Li Si (280 BCSeptember or October 208 BC) was a Chinese politician of the Qin dynasty, well known Legalist writer and politician, and notable calligrapher.
Li Siyuan (李嗣源, later changed to Li Dan (李亶) Many Chinese emperors changed their given names to rarely encountered characters to alleviate the burden of the populace who must observe naming taboo.) (10 October 867 – 15 December 933), also known by his temple name Mingzong (明宗), was the second emperor of imperial China's short-lived Later Tang during the Five Dynasties and Ten Kingdoms period, reigning from 926 until his death.
Liu Gongquan (778–865), courtesy name Chengxuan (诚悬), was a Chinese calligrapher who stood with Yan Zhenqing as the two great masters of late Tang calligraphy.
Mi Fu (also given as Mi Fei, 1051–1107)Barnhart: 373.
Ming or Song is a category of typefaces used to display Chinese characters, which are used in the Chinese, Japanese and Korean languages.
Music of China refers to the music of the Chinese people, which may be the music of the Han Chinese as well as other ethnic minorities within mainland China.
Ni Zan (1301–1374) was a Chinese painter during the Yuan and early Ming periods.
Oracle bone script was the form of Chinese characters used on oracle bonesanimal bones or turtle plastrons used in pyromantic divinationin the late 2nd millennium BCE, and is the earliest known form of Chinese writing.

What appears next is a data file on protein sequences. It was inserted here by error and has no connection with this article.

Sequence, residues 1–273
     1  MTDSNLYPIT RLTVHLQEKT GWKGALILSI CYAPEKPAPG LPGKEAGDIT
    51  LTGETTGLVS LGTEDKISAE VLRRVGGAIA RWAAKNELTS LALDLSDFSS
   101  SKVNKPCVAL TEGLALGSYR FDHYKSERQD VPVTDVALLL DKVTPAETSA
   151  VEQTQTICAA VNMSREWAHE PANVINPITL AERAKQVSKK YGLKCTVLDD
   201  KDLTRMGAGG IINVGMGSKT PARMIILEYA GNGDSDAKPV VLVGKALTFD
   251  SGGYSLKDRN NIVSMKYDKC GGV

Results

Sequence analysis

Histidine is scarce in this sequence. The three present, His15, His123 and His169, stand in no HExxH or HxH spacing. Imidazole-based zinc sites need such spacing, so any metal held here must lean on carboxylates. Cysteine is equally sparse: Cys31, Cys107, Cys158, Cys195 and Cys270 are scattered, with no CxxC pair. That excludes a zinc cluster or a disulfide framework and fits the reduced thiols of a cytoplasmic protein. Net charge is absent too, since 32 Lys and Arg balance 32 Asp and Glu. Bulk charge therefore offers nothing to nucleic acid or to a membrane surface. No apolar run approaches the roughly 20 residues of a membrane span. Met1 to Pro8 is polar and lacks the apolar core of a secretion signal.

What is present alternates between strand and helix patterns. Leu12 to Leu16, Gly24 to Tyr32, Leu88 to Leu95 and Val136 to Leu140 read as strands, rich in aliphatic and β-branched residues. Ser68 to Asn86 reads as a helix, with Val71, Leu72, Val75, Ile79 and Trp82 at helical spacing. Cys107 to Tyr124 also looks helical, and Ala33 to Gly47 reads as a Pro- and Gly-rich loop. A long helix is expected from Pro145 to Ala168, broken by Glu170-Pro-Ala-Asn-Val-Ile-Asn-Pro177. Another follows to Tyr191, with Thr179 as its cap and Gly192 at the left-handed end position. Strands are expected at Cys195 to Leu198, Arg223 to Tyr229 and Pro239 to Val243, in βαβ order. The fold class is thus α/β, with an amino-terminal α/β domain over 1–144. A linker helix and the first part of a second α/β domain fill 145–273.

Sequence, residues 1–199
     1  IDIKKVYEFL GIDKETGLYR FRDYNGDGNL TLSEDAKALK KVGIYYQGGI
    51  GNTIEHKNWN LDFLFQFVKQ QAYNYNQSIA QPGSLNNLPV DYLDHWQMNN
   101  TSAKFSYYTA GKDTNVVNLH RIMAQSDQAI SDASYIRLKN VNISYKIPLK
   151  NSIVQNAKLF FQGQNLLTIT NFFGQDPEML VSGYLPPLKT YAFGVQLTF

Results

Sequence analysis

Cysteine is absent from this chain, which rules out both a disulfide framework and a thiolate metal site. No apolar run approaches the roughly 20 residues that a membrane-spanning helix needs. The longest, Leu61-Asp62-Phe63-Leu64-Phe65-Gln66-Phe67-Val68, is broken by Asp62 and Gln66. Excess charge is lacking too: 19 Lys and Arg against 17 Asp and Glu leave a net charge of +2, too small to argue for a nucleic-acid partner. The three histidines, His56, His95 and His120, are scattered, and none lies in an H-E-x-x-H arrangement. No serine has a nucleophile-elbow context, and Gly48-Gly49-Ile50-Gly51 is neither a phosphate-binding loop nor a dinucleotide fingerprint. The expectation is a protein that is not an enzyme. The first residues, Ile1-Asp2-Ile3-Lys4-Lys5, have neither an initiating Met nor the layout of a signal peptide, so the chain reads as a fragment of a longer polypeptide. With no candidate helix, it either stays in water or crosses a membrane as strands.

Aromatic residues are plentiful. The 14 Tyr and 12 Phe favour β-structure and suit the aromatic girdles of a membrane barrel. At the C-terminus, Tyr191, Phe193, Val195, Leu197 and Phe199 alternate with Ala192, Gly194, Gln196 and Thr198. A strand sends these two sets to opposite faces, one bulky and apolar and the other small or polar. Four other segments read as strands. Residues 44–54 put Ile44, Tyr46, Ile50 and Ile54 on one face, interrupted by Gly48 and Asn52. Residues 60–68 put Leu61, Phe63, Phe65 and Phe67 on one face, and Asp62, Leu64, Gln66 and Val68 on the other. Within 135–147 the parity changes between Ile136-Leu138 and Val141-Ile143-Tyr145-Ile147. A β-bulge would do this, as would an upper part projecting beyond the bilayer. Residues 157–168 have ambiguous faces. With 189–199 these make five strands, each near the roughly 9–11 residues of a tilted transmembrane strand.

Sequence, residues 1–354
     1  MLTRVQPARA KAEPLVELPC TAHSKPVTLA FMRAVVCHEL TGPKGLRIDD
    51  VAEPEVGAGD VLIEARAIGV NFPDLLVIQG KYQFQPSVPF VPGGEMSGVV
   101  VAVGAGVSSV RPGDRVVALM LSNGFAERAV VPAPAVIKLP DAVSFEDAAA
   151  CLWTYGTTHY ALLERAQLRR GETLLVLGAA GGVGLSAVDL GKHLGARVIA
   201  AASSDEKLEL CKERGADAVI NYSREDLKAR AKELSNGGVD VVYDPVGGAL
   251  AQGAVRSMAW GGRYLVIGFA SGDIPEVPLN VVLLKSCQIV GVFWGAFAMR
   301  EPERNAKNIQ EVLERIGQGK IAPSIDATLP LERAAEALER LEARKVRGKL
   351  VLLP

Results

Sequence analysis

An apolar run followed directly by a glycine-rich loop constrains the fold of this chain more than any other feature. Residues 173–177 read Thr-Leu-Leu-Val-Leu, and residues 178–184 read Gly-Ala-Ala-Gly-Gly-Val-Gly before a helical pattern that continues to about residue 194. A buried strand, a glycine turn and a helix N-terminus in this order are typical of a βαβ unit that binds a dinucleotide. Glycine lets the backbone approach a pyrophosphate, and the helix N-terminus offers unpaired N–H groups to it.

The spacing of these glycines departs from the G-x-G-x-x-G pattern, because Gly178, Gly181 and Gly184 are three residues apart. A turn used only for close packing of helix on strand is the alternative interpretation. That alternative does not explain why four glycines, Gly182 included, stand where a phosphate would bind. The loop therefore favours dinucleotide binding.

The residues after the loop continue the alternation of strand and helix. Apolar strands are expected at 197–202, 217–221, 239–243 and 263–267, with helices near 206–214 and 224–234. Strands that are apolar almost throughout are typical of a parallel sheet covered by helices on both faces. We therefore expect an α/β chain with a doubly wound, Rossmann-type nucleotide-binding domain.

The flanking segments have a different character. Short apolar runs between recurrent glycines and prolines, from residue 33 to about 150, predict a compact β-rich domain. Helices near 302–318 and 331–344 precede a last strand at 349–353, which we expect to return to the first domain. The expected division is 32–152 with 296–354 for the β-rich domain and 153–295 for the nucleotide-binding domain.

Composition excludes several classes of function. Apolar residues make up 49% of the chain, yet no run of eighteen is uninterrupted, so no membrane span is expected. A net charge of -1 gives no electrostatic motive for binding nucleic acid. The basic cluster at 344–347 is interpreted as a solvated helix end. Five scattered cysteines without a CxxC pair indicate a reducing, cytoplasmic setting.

Ouyang Xun (557–641), courtesy name Xinben (信本), was a Confucian scholar and calligrapher of the early Tang Dynasty.
An ox (plural oxen), also known as a bullock in Australia and India, is a bovine trained as a draft animal or riding animal.
The paper mulberry (Broussonetia papyrifera, syn. Morus papyrifera L.) is a species of flowering plant in the family Moraceae.
A paperweight is a small solid object which is placed on top of papers to keep them from blowing in the breeze or to keep a sheet from moving when painting with a brush (as with Japanese calligraphy).
A pen is a common writing instrument used to apply ink to a surface, usually paper, for writing or drawing.
Shitajiki (下敷き, lit. "under-sheet") is a Japanese word for various types of materials placed under a sheet of paper for writing, either to prevent marking on the sheets below or to provide a better surface for writing.
A pig is any of the animals in the genus Sus, within the even-toed ungulate family Suidae.
Hanyu Pinyin Romanization, often abbreviated to pinyin, is the official romanization system for Standard Chinese in mainland China and to some extent in Taiwan.
Qin Shi Huang (18 February 25910 September 210) was the founder of the Qin dynasty and was the first emperor of a unified China.
Qiu Xigui (born 13July 1935) is a Chinese historian, palaeographer, and professor of Fudan University.
Rabbits are small mammals in the family Leporidae of the order Lagomorpha (along with the hare and the pika).
Regular script (Hepburn: kaisho), also called 正楷, 真書 (zhēnshū), 楷體 (kǎitǐ) and 正書 (zhèngshū), is the newest of the Chinese script styles (appearing by the Cao Wei dynasty ca. 200 CE and maturing stylistically around the 7th century), hence most common in modern writings and publications (after the Ming and gothic styles, used exclusively in print).
Rice is the seed of the grass species Oryza sativa (Asian rice) or Oryza glaberrima (African rice).
In anatomy, the scapula (plural scapulae or scapulas; also known as shoulder bone, shoulder blade or wing bone) is the bone that connects the humerus (upper arm bone) with the clavicle (collar bone).